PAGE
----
What is Mirena?Mirena is a birth-control system called an intrauterine device (IUD) that is placed in your uterus to prevent pregnancy for up to 5 years. Mirena can also reduce menstrual blood loss in women who have heavy menstrual flow and who also want to use an implantable form of birth control.
Mirena is recommended for women who have had at least one child.
What is the most important information I should know about Mirena?Tell your doctor if you may be pregnant, have any type of abnormality of the uterus, have a history of pelvic inflammatory disease (unless you experienced a normal pregnancy after the infection was treated), have an untreated pelvic infection, experienced a serious pelvic infection within the last 3 months following a pregnancy, are susceptible to pelvic infections or have multiple sex partners, have uterine, cervical, or breast cancer, have problems with your immune system, have a previously implanted IUD that has not been removed, have unexplained vaginal bleeding, liver disease or tumors, or if you are allergic to levonorgestrel, silicone, or polyethylene.
Call your doctor right away if you think you are pregnant. Severe infection, miscarriage, and premature delivery can occur with pregnancies that occur while an IUD is in place. There is also an increased risk of ectopic pregnancy.
Possible complications with Mirena include severe pelvic infections. Tell your doctor if you have symptoms of PID such as prolonged or heavy bleeding, unusual discharge from the vagina, abdominal or pelvic pain or tenderness, painful intercourse, chills, or fever.
Mirena may become attached to the uterine wall or perforate the uterus. Keep all follow-up visits with your doctor, who will monitor for complications.
Call your doctor if you develop severe pain within a few hours after Mirena is placed.
For the first 3 to 6 months, your monthly period may become irregular and the number of bleeding days may increase at first. You may also have frequent spotting or light bleeding. After your body adjusts, the number of bleeding days is likely to lessen, and you may even find that your periods stop altogether. The number of spotting and bleeding days may initially increase but then typically decreases in the months that follow.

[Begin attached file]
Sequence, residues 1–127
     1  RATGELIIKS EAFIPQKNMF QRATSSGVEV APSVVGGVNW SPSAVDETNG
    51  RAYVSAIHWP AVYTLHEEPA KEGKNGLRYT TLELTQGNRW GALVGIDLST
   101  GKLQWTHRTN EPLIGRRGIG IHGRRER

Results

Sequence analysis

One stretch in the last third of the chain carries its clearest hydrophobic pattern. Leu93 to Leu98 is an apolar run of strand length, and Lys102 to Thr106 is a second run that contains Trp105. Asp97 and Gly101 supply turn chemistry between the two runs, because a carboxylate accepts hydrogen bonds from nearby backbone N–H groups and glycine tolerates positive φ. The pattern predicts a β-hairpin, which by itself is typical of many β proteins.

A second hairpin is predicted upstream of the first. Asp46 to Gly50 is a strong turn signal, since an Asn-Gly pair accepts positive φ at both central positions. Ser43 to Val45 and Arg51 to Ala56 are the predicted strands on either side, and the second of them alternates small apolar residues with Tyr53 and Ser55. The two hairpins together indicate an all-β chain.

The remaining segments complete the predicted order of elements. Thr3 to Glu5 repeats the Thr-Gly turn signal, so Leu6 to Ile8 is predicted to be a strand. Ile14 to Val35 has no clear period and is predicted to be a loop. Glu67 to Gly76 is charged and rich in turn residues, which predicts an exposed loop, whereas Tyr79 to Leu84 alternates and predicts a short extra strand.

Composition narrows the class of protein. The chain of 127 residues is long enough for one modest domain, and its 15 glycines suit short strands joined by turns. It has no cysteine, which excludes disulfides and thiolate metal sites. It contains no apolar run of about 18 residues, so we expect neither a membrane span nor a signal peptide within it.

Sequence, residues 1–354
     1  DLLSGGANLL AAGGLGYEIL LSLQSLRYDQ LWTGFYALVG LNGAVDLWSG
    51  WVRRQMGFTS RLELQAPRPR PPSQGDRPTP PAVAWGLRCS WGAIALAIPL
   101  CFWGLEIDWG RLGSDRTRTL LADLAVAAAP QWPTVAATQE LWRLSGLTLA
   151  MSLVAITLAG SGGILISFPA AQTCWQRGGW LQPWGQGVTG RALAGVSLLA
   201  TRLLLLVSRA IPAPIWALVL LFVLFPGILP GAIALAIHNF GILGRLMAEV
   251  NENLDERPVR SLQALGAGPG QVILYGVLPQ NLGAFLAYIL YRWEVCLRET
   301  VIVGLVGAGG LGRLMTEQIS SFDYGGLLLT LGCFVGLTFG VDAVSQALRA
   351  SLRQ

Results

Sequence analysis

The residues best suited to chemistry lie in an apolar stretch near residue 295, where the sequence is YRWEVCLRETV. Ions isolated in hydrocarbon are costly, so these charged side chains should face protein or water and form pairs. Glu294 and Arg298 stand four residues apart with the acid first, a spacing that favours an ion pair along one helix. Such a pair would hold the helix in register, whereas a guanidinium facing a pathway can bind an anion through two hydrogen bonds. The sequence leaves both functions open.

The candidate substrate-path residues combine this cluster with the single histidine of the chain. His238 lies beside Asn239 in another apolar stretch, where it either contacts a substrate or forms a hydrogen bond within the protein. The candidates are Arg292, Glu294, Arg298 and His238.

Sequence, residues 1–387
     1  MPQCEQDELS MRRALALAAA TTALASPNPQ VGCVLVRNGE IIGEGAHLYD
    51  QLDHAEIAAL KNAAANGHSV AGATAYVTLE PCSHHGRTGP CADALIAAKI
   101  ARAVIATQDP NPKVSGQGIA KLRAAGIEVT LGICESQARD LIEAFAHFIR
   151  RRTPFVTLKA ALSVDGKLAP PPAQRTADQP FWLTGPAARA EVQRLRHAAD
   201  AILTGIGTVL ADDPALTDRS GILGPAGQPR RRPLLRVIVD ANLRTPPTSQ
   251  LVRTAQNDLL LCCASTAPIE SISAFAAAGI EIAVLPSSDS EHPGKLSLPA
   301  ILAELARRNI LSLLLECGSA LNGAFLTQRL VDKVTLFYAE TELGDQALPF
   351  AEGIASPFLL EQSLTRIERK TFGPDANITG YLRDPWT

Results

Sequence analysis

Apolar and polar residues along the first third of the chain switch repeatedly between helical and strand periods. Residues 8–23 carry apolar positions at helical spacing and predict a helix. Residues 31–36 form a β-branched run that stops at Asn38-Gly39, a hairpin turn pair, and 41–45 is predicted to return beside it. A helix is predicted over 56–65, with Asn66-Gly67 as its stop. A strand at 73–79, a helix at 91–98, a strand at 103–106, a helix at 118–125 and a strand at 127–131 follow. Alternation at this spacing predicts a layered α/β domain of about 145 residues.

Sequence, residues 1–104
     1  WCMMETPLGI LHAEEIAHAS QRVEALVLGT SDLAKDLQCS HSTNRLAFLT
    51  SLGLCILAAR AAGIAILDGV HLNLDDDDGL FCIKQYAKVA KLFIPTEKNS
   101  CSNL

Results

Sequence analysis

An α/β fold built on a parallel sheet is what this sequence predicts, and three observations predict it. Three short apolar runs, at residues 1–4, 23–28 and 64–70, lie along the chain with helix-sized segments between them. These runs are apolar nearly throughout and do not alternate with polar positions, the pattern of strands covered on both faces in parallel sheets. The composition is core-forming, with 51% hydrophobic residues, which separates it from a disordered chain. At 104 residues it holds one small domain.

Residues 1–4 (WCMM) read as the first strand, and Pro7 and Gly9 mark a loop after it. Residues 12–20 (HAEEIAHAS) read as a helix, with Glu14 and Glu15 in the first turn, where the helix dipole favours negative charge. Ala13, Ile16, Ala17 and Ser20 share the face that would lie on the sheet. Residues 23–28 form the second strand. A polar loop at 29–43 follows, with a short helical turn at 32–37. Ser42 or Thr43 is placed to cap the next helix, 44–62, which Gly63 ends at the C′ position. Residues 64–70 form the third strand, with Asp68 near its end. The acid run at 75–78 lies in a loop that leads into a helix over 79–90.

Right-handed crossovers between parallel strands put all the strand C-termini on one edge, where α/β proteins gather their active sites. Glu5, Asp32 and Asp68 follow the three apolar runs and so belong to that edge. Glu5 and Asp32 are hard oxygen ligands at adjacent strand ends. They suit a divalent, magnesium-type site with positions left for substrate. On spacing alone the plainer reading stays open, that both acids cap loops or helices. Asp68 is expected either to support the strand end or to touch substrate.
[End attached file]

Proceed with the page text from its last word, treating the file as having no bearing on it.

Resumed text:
Call your doctor if you think you might be exposed to sexually transmitted diseases (STDs), cannot feel Mirena's threads, develop very severe or migraine headaches, have yellowing of the skin or whites of the eyes (which may be signs of liver problems), have a stroke or heart attack, you or your partner becomes HIV positive, or have severe vaginal bleeding or bleeding that lasts a long time. Keep all follow-up visits with your doctor.
Mirena must be removed after 5 years. Your healthcare provider can insert a new Mirena during the same office visit if you choose to continue using Mirena. If you change your mind about birth control and want to become pregnant in less than 5 years, your healthcare provider can remove Mirena at any time.
Tampons may be used with Mirena.
Who should not take Mirena?Tell your doctor if you may be pregnant, have any type of abnormality of the uterus, have a history of pelvic inflammatory disease (unless you experienced a normal pregnancy after the infection was treated), have an untreated pelvic infection, experienced a serious pelvic infection within the last 3 months following a pregnancy, are susceptible to pelvic infections or have multiple sex partners, have uterine, cervical, or breast cancer, have problems with your immune system, have a previously implanted IUD that has not been removed, have unexplained vaginal bleeding, liver disease or tumors, or if you are allergic to levonorgestrel, silicone, or polyethylene.
Mirena has not been studied in women who have not started their period and in women >65 years old.